While others have useful arguments about ‘higher’ education developing differently in other cultures, the origins of tertiary education with a liberal arts component is best traced to the European institutions that evolved out of cathedral or monastic schools between 11th and 14th centuries. These institutions existed for the study of the Arts as well as the higher disciplines of Theology, Law, and Medicine. The Arts encompassed the seven disciplines of arithmetic, geometry, astronomy, music theory, grammar, logic, and rhetoric, which would become the foundation of the modern Liberal Arts education. There are of course different configurations depending upon the institution but the core disciplines remain essentially the same but with the added learning outcomes of intellectual and practical skills such as communication, analytical, critical thinking, and problem-solving skills. And the benefit of this continuity is that today’s students are uniquely connected to the students from hundreds of years ago as each studied these core disciplines as they all strived to earn their collegiate credentials. An expectation and experience endures over the centuries of what it means to be collegiately educated.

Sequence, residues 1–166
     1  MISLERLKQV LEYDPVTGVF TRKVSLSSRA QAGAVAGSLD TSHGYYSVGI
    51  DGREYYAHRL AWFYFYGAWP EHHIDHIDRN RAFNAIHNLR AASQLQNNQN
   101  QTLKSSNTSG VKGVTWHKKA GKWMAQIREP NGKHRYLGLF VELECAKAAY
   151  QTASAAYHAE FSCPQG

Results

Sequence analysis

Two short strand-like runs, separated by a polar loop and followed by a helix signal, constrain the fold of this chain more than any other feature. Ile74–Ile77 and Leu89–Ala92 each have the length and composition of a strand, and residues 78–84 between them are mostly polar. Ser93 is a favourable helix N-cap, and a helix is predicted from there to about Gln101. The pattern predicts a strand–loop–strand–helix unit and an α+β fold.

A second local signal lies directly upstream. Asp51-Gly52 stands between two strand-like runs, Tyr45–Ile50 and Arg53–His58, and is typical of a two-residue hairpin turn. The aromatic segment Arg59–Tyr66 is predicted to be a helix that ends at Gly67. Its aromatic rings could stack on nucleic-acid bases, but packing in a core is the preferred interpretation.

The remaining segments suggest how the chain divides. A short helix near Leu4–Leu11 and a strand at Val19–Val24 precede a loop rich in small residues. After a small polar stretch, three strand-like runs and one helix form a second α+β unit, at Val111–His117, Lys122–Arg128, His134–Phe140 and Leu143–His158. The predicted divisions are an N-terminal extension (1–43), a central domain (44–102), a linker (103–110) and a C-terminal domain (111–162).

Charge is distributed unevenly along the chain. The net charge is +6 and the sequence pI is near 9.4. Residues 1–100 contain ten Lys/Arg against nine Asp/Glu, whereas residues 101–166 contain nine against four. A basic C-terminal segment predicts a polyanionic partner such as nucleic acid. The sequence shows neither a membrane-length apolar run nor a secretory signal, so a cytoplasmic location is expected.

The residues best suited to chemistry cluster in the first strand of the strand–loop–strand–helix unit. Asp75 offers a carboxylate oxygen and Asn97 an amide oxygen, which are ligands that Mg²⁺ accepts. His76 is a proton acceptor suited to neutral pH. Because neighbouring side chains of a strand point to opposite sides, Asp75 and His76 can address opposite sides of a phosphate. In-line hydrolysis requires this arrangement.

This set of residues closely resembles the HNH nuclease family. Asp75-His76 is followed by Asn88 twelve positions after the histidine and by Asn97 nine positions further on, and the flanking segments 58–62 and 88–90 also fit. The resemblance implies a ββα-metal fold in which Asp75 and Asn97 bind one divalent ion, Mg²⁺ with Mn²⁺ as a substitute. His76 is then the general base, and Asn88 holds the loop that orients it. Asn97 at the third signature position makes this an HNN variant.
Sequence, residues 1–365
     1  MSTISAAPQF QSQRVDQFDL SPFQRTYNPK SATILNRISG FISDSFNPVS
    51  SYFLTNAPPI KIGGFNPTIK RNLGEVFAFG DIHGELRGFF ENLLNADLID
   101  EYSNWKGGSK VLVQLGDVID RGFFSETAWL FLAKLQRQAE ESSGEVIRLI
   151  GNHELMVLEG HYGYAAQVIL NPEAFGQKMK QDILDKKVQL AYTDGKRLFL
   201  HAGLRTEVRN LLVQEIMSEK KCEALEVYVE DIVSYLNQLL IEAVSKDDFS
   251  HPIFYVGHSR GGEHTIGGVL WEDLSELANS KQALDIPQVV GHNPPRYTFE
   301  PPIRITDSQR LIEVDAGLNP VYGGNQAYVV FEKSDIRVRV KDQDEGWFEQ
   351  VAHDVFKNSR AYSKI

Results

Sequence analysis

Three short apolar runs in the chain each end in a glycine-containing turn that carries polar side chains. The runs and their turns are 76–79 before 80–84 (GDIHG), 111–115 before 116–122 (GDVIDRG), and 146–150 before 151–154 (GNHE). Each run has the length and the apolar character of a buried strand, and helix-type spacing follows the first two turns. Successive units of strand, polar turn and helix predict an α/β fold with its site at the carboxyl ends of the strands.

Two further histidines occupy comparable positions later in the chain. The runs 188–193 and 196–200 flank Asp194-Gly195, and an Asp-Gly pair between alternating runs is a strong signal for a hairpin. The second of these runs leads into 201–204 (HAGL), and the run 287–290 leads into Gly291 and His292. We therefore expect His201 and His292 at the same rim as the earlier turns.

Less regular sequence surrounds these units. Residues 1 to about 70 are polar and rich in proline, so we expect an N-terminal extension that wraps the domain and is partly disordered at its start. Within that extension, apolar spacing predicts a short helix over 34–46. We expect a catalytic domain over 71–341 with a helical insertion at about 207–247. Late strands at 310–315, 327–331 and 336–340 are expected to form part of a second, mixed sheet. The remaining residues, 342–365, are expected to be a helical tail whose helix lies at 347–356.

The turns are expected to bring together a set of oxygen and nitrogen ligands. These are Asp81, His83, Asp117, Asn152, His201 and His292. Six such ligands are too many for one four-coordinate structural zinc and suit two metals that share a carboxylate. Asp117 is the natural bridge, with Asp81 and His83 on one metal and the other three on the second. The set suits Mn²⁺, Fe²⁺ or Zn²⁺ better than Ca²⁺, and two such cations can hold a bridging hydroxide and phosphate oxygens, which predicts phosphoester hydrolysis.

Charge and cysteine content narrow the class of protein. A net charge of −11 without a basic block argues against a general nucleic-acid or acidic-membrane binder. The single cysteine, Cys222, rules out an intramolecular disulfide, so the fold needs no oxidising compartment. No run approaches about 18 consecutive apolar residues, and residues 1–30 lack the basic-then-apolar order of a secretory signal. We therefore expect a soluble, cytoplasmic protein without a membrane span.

Some of the above intellectual and practical skills develop as outcomes of learning in depth the content knowledge of courses such as calculus or chemistry. This, of course, is the second benefit of the liberal arts component of college. However, learning the above skills also develops perseverance in learning as students move through courses or disciplines that do not engage or interest them. Often their learning is how to develop intrinsic motivation based on persevering in order to achieve an ultimate goal. Rare is the collegiate student that has not privately or publicly complained, “why do I have to learn this, I’ll never use it in real life?” about some subject or two. Only later, will they find the usefulness or perhaps realize that the process of learning as a skill unto itself was enhanced by ‘slogging’ through the course.